The ad-Dirah market was in the heart of the old city, a covered souk with labyrinthine walkways, cool and shadowed after the relentless sun. The air smelled of sandalwood and spices and the stalls were piled high with goods that ranged from the commonplace to the exotic: translucent chunks of frankincense and reddish brown myrrh, brass coffee pots as tall as a child or small enough to fit in the palm of the hand, camel-hair shawls and scarves. Old men reclined on Persian carpets, smoking hookahs and drinking tea, enticing their customers in with gentle persuasion.
Roisin, dizzy with jet lag, wondered if she was dreaming a Hollywood incarnation of an Arabian street market. She felt as if she had closed her eyes in London on a grey October morning, and opened them again to the opulence and glitter of the souk.
She pulled her headscarf forward over the tell-tale blonde of her hair. She had never been in a country where she had to veil before. The abaya had felt odd and theatrical when she had put it on an hour ago, but here in the bustling market, she was glad of the anonymity. All the women she saw had covered their faces, and were dark shapes in abayas and veils. She could see nothing of them but their eyes, which gleamed in the shadows as they flickered in Roisin's direction. They looked oddly, exotically beautiful.
In the cool dimness of the walkways, the light reflected off the brilliant fabrics, the silver of the jewellery, and the white of the men's robes.
Just then, the crowd parted to let a man through. He was tall and his robes were dazzling in the light. Her eyes followed him instinctively. In the next instant a sudden surge caught her unawares, turning her around in a wave of bodies and almost knocking her off her feet. When she tried to turn back, O'Neill and Joe had vanished and she had no idea which way they'd gone.
They couldn't be far away, but she wasn't tall enough to see over the heads of the people and she was getting pushed back, further away from where she had been. The next surge carried her to the edge of the street, and then she was against the wall, trying to make herself inconspicuous as she oriented herself. The streets, narrow and shadowed, ran away from her in all directions. She had the sudden feeling - something she had never felt before - of hostile eyes searching for her, eyes that wouldn't be fooled for long by her disguise. She could feel the start of panic constricting her chest, and made herself breathe slowly and steadily. There was nothing to worry about. She'd got separated in the crowd. The worst that could happen was that the Mutawa' ah would shout at her.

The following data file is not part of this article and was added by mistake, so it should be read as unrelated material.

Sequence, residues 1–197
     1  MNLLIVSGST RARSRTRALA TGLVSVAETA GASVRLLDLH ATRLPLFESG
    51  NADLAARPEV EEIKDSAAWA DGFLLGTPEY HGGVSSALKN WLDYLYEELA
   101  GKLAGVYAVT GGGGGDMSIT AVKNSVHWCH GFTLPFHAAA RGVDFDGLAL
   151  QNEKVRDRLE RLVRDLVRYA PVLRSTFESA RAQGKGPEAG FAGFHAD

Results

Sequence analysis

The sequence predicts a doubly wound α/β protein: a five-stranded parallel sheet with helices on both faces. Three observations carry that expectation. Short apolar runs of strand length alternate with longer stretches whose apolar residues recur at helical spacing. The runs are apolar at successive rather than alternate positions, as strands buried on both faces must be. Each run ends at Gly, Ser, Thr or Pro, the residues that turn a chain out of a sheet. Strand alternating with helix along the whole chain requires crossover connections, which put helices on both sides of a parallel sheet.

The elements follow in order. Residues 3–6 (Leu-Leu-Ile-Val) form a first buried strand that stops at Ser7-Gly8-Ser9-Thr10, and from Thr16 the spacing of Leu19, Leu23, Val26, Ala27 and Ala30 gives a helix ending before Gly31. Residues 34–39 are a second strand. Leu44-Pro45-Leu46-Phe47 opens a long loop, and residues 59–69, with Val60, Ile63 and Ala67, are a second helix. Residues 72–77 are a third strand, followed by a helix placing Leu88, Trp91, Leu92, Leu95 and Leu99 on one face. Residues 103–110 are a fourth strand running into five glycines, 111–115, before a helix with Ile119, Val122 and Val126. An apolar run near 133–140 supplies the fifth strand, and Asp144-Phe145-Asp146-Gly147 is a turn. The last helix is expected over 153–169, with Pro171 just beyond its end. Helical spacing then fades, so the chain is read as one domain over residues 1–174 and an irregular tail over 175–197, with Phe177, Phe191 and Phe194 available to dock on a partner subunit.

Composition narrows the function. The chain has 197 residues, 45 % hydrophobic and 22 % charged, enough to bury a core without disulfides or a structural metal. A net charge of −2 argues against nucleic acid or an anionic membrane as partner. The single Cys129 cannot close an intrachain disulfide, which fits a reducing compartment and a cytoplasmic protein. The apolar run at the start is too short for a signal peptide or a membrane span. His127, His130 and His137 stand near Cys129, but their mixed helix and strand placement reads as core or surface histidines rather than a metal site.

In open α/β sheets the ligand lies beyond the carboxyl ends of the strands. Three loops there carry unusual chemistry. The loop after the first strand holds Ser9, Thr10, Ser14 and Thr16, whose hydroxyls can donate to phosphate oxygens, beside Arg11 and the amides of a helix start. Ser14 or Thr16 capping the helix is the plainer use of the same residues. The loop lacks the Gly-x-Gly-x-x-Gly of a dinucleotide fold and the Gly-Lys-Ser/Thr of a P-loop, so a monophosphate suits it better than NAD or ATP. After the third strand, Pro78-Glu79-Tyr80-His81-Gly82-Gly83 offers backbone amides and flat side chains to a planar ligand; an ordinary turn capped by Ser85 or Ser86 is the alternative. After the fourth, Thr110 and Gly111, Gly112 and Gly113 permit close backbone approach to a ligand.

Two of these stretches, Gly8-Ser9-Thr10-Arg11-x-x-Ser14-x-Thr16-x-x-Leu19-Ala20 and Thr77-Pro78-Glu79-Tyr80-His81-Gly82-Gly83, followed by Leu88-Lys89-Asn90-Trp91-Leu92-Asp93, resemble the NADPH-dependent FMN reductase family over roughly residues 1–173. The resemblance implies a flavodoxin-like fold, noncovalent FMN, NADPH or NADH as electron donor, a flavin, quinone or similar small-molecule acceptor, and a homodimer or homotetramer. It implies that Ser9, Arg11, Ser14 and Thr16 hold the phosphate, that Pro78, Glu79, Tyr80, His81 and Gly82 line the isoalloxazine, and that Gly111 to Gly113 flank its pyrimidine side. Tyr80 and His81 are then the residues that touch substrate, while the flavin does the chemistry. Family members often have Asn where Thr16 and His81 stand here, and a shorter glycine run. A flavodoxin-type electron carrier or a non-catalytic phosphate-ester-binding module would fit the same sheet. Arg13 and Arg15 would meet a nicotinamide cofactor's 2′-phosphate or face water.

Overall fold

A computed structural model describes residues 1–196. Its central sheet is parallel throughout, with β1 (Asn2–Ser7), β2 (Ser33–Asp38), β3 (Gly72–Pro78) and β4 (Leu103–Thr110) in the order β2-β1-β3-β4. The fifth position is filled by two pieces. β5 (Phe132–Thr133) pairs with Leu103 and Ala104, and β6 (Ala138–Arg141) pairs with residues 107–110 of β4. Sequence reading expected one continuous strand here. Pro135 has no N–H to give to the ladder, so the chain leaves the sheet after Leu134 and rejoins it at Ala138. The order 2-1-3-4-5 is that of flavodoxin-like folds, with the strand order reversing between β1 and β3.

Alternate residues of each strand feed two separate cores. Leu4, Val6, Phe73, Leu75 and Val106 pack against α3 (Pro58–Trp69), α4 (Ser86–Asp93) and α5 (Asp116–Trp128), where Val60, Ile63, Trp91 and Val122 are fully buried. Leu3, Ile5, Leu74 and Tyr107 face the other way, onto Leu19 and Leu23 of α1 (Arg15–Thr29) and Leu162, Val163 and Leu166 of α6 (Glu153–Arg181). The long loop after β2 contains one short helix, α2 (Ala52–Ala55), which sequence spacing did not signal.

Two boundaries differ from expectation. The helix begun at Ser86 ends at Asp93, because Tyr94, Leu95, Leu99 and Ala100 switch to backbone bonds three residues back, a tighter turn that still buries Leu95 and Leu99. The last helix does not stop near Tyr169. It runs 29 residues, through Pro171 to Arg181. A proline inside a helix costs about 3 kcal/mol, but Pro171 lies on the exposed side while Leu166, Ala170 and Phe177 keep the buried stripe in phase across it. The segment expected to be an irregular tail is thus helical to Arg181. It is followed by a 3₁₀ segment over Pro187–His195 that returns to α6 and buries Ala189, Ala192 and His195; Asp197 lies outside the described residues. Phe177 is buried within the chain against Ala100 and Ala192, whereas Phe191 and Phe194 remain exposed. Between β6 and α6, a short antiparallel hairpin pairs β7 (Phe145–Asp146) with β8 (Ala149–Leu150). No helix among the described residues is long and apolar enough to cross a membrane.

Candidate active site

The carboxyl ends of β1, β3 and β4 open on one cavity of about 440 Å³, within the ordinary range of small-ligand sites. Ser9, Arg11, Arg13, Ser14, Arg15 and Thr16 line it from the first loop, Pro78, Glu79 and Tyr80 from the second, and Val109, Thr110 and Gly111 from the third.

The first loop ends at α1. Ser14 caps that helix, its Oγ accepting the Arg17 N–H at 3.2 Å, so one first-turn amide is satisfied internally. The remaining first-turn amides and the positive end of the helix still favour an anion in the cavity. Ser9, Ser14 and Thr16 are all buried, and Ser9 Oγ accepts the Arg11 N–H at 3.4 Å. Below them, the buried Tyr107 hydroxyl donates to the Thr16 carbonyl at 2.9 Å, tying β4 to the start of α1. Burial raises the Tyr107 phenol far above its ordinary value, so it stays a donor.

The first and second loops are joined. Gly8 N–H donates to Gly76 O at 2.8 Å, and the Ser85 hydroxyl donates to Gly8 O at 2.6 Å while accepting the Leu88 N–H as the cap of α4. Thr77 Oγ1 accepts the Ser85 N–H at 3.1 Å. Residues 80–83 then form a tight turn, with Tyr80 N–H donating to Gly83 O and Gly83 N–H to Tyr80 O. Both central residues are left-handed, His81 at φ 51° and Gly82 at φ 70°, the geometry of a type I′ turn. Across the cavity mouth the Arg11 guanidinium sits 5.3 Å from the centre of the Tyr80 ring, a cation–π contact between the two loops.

Then she recognized the corner of a building. That was where they had left the souk. In that case, they had been heading towards... or was it this way? There was a straight lane ahead of her, free from the confusion of the market-place throng.
She followed it, and suddenly, to her relief, the crowd was gone. A square opened up in front of her, paved in patterned stone, surrounded by palm trees. At the far end was a low, flat building raised on pillars, and to her right a minaret reached up towards the sky. The shadows were solid and hard-edged. A white-robed figure stood in the shadow of the pillars, but otherwise the square was empty. It was shocking in its unexpected silence.
...Encouraged by the first sign of warmth, she tried again. "Tell me about that square. It was so ..." She searched for words. The cathedral-like silence had caught her imagination. Despite the hard glare of the light, she could imagine banks of candles lit for the souls of ... who? She tried to catch Joe's eye, but he was staring out of the window, lost in his own thoughts.
O'Neill glanced at her again before he answered. "It's known colloquially as Chop-Chop Square," he said.
"Chop-Chop Square?" For a moment, she didn't understand what he was talking about, then she realized. The bright square with the blue patterned stones and the palm trees was the place where malefactors against the rigid laws of the Kingdom were dealt with. The place of punishment. The place of execution. All the impulse to laugh drained out of her. People had died on those sun-dazed stones, close to the place where she had been standing.
O'Neill had observed her reaction. "It's part of what this place is," he said. "I give it a wide berth. Some Westerners go. For them it's the nearest thing we've got to a tourist attraction."
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